The results are, again, stunning. Focusing on a specific track misses the point, given how much the album builds on its own themes. Instead, I urge anyone even vaguely interested in the album’s styles to press play and allow the duo’s interplay to consume you. There’s a certain fantastical quality to this type of music, an the imaginative nature of the Afar bolsters this feeling throughout the album. Svoboda is proving to be a versatile and singular force in the Australian music scene, which inspires heavy anticipation of where she’ll take her talents next.
Milton Man Gogh – How to Be Big & Small (At the Same Time)
The niche of “experimental jazz” is one that’s interested me for quite some time now. In my own view of jazz, “experimental” ventures beyond the safety of standard jazz but falls short of the full-on avant-garde; not everyone can be John Zorn playing sax and duck calls under water, after all. For me, the value in this niche is clear: I often crave jazz that resembles the core traits of the genre while still bearing a distinct, bold personality. From their music to their artwork to their naming conventions, Milton Man Gogh are a perfect example of a group that hits this sweet spot with pinpoint accuracy.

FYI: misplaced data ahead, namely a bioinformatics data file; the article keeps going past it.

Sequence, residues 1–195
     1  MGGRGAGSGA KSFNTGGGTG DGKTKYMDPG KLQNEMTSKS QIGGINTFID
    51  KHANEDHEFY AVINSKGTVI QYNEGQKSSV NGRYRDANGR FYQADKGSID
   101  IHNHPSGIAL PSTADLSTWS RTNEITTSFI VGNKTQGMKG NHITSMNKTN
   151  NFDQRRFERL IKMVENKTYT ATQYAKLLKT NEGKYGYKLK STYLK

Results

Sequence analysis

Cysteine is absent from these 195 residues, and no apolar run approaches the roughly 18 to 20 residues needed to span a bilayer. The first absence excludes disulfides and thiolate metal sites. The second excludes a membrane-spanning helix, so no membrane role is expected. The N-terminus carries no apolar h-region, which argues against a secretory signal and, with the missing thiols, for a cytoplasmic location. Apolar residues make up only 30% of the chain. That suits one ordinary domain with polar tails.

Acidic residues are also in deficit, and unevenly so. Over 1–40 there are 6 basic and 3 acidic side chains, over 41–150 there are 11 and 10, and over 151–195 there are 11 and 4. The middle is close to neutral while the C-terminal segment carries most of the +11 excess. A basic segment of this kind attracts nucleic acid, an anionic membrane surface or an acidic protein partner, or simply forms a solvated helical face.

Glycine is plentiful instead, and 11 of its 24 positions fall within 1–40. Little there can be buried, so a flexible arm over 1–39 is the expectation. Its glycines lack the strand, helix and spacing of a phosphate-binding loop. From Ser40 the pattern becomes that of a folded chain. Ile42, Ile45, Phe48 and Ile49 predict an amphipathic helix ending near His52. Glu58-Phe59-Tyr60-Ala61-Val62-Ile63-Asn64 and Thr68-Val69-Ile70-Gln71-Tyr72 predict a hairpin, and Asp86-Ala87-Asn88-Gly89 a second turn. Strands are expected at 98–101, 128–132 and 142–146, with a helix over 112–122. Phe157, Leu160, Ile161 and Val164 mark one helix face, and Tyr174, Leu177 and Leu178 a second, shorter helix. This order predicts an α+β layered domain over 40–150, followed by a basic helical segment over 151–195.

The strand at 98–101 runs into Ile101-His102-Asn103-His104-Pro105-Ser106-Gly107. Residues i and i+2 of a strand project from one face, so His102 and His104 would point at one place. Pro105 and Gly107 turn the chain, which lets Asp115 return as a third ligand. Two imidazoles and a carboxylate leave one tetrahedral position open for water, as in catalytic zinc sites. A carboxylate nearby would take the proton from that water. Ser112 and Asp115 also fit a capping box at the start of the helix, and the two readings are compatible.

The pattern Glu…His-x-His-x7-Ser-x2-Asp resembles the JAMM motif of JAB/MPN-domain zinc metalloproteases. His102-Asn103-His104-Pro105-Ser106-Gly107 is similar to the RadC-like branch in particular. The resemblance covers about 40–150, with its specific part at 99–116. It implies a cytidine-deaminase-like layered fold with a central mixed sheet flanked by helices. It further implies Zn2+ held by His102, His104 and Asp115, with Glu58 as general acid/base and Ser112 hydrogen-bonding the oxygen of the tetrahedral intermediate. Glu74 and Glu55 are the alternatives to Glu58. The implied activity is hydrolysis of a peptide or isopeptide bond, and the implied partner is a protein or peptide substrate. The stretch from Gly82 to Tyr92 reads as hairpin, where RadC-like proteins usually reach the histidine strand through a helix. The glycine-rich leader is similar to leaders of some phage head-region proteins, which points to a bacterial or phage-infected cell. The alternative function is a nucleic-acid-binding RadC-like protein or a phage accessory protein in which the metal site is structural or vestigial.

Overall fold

The core trio of Andrew Saragossi (tenor sax), Zac Sakrewski (upright bass, effects) and Benjamin Shannon (drums) all share composing duties on their latest album, How To Be Big & Small (At The Same Time). The record is also an exercise in how to be simultaneously adventurous and accessible. Each of the album’s 10 tracks follows traditional jazz outlines, which are then filled to the brim with endless excitement, energy, and experimentation. The obvious parallel here is Ornette Coleman, as both MMG and the legendary free jazz composer mastered the art of expanding jazz’s horizons from within.